How to talk with kids about a storm
- September 22, 2020
- / Shannon Nickinson
- / early-learning,for-parents
Hurricane season can be a scary time -- from parents and kids alike.
We learned that for sure with Hurricane Sally, and the storm season lasts until Nov. 1.
How do you talk about storms -- and their aftermath -- with your kids? We asked our friends at WSRE for help.
They shared some great tools from the PBS family and we want you to have them, too.
Knowledge is power. Help your child learn about weather so that they can begin to understand it better. PBS has a great reading list, linked here.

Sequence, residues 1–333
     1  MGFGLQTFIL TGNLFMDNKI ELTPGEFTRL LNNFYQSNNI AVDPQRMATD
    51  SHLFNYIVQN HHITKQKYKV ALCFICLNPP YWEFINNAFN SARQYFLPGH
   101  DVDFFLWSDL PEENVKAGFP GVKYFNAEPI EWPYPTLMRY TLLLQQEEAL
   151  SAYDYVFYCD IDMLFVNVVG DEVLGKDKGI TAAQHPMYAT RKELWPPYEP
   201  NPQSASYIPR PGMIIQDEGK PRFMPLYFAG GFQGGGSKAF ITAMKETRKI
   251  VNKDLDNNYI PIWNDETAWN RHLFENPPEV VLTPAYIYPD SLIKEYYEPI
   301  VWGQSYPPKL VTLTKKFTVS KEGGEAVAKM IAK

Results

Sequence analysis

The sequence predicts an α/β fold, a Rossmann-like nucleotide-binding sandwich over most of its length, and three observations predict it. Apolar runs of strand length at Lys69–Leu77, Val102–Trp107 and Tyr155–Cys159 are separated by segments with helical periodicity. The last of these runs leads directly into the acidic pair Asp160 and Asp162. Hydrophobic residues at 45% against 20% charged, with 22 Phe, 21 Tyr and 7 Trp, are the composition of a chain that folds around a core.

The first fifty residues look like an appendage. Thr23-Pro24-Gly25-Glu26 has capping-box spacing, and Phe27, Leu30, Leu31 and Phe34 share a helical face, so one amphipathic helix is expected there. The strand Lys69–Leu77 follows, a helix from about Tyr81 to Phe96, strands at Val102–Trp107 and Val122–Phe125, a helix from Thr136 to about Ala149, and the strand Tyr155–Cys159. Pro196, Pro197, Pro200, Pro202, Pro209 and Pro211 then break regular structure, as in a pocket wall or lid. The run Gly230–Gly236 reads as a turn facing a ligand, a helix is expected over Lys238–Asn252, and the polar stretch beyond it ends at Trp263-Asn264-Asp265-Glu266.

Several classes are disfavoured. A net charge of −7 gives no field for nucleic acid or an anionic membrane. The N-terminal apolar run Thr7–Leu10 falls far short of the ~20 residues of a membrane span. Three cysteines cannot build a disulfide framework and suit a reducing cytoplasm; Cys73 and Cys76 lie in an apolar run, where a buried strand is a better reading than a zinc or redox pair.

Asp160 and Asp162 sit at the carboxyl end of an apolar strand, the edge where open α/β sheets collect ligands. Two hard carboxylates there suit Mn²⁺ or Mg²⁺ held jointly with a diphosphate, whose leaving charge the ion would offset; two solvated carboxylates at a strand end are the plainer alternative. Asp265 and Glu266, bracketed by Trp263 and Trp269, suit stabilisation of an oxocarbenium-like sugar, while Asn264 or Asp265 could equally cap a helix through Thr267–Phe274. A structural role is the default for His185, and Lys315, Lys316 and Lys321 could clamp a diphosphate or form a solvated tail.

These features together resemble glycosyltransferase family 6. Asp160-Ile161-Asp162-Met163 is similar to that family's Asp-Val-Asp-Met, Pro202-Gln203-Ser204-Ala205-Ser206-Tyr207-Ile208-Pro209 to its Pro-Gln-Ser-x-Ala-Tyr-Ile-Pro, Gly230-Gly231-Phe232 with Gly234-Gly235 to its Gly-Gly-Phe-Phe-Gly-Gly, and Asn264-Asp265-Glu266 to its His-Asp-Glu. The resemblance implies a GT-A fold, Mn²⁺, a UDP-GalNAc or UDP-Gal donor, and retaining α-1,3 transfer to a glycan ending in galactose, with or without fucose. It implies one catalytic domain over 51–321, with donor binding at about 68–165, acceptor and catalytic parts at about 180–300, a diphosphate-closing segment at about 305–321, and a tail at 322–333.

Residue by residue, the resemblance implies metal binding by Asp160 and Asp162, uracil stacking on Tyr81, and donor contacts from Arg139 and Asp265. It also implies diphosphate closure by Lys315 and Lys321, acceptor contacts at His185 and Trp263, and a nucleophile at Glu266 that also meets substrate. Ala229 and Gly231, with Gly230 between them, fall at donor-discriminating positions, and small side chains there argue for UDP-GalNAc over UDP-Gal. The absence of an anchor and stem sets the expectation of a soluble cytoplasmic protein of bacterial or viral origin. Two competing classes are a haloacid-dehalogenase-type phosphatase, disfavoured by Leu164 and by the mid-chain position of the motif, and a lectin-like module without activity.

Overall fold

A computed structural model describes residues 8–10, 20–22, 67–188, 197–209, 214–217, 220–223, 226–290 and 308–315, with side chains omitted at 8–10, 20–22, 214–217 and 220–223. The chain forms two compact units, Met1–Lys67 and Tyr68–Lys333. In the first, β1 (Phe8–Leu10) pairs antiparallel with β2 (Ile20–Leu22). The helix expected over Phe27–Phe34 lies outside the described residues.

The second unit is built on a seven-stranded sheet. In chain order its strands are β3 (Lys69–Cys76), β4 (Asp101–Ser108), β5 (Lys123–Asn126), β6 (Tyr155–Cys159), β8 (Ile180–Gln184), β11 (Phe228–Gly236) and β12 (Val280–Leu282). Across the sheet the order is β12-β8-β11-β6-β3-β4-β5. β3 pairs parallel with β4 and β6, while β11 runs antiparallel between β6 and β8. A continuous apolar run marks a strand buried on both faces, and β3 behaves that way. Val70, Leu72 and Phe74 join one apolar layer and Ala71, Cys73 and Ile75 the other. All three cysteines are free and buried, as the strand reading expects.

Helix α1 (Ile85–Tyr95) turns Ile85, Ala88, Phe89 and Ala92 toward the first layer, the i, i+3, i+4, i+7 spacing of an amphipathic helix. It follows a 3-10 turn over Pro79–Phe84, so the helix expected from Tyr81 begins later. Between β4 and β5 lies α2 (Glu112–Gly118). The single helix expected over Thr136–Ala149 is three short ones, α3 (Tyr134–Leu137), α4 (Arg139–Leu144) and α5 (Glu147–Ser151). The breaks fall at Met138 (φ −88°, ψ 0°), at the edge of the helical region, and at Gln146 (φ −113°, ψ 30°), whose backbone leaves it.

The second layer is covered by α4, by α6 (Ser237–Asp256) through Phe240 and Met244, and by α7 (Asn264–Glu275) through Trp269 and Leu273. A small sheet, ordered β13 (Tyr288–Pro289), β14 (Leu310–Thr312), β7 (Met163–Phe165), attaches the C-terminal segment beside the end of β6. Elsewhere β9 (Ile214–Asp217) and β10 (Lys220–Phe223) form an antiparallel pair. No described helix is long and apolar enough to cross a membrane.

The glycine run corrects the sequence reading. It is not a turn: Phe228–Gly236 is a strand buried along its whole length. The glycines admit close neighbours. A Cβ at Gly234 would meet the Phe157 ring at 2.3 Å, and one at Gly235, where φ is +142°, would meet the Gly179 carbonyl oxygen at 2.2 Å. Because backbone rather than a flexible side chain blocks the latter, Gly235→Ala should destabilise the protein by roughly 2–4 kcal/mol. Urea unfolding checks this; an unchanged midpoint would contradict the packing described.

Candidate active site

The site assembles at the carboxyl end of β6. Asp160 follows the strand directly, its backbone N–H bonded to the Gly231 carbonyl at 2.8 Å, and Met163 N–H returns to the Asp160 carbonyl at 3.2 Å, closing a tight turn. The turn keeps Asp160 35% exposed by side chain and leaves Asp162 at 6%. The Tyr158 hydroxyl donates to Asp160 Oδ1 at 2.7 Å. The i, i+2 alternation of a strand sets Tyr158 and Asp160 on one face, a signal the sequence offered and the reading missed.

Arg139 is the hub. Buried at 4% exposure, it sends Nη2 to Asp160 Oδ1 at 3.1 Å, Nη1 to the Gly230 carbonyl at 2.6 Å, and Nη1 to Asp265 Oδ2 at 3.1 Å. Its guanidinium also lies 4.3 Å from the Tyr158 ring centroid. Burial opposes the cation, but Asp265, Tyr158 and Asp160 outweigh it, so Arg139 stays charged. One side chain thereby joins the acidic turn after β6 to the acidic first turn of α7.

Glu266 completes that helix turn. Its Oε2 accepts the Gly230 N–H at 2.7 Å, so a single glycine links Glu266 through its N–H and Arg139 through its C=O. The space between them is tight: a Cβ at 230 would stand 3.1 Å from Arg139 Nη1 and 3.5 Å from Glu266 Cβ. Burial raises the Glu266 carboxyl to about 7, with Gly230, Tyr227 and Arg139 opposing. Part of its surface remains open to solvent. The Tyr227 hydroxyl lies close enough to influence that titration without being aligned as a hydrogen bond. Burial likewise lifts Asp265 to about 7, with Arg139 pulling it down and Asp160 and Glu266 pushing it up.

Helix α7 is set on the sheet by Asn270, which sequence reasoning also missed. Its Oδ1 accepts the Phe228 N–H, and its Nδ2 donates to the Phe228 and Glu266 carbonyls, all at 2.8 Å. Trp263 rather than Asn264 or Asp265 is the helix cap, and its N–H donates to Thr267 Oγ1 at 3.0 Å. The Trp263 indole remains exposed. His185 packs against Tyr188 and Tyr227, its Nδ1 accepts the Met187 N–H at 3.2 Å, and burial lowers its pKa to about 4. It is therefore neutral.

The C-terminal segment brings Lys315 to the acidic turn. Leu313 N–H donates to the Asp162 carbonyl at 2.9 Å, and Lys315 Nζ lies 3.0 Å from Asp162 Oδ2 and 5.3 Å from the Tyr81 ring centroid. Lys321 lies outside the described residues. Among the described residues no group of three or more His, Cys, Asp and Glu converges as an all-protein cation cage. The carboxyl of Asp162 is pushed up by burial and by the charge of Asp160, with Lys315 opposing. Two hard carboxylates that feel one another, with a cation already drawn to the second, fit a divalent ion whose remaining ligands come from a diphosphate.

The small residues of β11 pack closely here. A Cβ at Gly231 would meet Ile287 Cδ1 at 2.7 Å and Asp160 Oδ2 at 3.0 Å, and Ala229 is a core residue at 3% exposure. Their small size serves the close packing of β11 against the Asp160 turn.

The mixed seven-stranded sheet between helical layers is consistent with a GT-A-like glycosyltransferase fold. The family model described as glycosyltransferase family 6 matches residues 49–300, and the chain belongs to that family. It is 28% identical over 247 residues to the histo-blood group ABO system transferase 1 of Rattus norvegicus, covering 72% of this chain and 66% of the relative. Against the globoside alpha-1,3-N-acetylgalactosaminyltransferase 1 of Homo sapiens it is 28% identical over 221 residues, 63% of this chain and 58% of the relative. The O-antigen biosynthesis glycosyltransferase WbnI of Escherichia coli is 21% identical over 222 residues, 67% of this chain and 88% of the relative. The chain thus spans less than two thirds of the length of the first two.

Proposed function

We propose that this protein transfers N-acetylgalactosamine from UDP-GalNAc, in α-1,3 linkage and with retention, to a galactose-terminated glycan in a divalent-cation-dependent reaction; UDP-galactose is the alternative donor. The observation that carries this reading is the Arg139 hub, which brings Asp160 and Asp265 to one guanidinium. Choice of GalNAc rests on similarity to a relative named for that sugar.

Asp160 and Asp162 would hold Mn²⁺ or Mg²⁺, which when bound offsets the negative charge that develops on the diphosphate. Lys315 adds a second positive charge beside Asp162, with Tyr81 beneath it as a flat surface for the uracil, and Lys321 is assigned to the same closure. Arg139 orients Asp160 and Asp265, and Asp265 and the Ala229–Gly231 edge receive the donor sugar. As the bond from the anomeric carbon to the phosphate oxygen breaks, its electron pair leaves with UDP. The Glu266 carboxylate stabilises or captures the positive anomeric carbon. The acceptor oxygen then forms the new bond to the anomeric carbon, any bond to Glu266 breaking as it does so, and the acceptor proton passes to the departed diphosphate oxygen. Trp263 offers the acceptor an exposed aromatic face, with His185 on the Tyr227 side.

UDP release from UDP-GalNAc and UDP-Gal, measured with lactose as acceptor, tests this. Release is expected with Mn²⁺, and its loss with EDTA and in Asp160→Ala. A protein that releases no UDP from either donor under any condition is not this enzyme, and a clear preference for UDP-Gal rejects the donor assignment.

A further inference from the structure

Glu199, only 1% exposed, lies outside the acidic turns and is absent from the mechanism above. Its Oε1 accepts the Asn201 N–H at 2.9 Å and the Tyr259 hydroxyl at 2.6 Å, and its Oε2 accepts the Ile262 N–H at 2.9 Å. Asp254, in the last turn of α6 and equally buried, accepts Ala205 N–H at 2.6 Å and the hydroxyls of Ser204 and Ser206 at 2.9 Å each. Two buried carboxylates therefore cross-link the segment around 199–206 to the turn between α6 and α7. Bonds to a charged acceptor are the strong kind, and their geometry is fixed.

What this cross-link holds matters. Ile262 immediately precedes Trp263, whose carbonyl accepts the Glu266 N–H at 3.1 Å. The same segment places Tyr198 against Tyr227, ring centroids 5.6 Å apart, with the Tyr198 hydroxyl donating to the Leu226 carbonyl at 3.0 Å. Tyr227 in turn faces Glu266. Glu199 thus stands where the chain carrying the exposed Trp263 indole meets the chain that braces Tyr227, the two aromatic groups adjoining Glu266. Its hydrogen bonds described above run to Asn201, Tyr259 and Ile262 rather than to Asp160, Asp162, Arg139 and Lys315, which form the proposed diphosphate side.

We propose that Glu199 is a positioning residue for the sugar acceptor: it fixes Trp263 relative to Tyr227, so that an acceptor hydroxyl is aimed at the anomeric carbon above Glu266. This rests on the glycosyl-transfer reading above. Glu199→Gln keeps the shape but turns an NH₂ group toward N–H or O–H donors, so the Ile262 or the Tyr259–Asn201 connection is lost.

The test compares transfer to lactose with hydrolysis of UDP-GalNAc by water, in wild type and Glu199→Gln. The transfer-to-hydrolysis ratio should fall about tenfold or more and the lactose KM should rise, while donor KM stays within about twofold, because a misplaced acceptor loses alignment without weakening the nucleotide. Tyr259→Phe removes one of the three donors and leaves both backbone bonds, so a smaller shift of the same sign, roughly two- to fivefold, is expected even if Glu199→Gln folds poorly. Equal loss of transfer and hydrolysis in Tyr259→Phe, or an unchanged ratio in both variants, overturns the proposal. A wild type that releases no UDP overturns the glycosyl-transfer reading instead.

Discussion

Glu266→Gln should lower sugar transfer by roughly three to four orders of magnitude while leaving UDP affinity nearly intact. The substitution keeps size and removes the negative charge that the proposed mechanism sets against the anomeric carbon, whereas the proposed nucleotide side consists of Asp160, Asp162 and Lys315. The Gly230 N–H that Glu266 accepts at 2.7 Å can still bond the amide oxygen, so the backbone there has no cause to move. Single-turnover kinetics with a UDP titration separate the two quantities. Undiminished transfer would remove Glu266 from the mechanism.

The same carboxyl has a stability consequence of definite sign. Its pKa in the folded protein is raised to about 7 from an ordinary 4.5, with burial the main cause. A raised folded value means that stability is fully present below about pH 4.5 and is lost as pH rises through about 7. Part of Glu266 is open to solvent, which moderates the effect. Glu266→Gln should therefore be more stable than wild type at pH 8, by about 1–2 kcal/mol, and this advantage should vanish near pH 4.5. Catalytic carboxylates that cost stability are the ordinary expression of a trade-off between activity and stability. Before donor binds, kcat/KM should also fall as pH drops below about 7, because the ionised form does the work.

Kids are watching you for clues. You may feel relief, frustration, sadness — and everything in between — after a storm. Remember your kids are watching you. The way you respond will be the way they respond.
If you are OK, help someone. What happens to one home in a storm may be totally different than what happens right down the street or at a grandparents’ or friend’s house. If you are OK, helping a neighbor, relative or friend who needs help recovering from the storm’s damage is a good deed — and it’s good for you.
Mr. Rogers always said when something bad happens, look for the helpers. The helpers will always be there — and sometimes, they can be you.